Despite all the negative headlines about climate change, there is good news out there. In fact, carbon emissions have actually been dropping in 30 of the world’s largest cities—and many others are following in their footsteps.
These 30 trailblazers are members of the C40 Climate Leadership Group, a network of 96 megacities around the world dedicated to delivering on the 2016 Paris Agreement and keeping the global temperature from rising too high. According to the agreement, 2020 is the year that the increasing rate of global carbon emissions needs to peak—that is, it needs to start decreasing and fast.
And that’s exactly what’s happening in these C40 cities.
By sharing research and knowledge and partnering on sustainability projects, half of the network has already peaked its carbon emissions, and 30 of its biggest members, including Berlin, Los Angeles, London, Madrid, and Sydney, have reduced their rates by an average of 22 percent over the past 10 years.
You’ve probably seen some of the results if you’ve visited any of these destinations lately. There are now more than 66,000 electric buses on the streets of C40 cities. Eighty-two of these places now have bicycle hire programs, and 18 have banned or restricted single-use nonrecyclable plastics.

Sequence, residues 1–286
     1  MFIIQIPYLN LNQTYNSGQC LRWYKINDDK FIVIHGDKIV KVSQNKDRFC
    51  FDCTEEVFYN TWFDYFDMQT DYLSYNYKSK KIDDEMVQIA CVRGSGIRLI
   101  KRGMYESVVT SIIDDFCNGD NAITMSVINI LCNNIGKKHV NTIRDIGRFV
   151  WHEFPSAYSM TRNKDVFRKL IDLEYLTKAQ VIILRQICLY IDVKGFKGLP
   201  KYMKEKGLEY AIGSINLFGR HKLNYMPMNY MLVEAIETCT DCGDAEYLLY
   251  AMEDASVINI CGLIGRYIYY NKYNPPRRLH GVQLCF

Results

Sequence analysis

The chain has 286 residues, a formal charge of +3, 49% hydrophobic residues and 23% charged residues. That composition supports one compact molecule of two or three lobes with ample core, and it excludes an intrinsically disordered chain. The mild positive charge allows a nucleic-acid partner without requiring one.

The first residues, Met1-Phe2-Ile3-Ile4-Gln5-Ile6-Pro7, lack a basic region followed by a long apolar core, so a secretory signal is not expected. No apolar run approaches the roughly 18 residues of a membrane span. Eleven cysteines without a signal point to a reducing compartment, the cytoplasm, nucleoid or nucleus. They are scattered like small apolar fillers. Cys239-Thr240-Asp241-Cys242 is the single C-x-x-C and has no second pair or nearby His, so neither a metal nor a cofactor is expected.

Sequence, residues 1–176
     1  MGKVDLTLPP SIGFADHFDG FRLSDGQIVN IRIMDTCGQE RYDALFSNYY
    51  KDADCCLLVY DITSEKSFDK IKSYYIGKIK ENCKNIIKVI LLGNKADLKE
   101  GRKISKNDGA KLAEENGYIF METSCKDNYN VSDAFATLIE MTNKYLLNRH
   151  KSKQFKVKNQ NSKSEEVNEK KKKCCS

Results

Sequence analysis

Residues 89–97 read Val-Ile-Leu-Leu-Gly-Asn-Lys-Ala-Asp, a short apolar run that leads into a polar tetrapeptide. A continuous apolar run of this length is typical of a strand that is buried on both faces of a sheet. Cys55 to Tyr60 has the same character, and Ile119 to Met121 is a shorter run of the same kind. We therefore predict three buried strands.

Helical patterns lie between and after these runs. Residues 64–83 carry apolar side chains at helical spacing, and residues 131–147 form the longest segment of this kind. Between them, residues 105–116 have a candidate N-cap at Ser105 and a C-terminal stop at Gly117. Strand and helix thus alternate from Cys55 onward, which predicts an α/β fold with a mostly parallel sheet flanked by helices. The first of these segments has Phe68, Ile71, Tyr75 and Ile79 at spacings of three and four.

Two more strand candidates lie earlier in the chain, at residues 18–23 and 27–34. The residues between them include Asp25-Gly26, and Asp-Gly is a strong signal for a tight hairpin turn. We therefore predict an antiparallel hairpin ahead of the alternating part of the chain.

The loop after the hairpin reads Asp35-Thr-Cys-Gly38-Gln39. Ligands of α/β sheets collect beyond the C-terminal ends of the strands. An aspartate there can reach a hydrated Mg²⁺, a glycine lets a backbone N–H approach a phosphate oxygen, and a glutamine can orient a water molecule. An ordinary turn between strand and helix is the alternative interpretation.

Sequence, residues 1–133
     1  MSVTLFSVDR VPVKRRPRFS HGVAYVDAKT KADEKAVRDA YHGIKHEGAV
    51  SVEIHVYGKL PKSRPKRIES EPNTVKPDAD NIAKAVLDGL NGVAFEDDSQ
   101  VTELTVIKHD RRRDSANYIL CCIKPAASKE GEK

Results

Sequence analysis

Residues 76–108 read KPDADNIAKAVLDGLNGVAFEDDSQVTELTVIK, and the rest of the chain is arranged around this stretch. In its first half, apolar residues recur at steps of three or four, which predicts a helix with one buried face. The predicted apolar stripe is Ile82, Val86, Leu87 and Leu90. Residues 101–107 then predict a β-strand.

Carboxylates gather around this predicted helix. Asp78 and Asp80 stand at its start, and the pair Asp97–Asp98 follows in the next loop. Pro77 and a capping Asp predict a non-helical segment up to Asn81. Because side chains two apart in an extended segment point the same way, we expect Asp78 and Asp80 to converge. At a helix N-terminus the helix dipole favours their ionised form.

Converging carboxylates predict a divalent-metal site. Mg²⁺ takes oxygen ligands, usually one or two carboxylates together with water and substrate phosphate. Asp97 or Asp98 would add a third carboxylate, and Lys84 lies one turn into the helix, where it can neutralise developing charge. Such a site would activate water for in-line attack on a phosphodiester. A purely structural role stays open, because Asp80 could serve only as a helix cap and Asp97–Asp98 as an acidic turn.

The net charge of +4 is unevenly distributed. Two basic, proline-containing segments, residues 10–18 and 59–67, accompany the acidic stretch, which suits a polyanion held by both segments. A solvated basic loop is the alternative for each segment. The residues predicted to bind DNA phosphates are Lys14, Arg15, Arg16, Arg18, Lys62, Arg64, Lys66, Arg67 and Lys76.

When it comes to climate change, 30 cities—or even 96 cities—may seem like just a drop in the bucket, but the C40 members are not the only places working to reduce carbon emissions. Over 10,000 cities big and small around the world have committed to doing so by 2050.
And these days, such news is like a breath of fresh air.
- When the United States announced in 2017 that it would pull out of the Paris Agreement, it became increasingly important for cities, states, businesses, and other organizations to act on the country’s climate goals. An article in the Los Angeles Times looks at how, with effort, these sorts of city- and group-led actions might deliver results in the absence of a collective effort.
- It’s not just cities that are taking the climate into their own hands. The airline industry, long the scapegoat for travel’s carbon footprint, is making some serious headway on scaling back on emissions, making greater contributions to carbon offsets, and looking to minimize its environmental impact.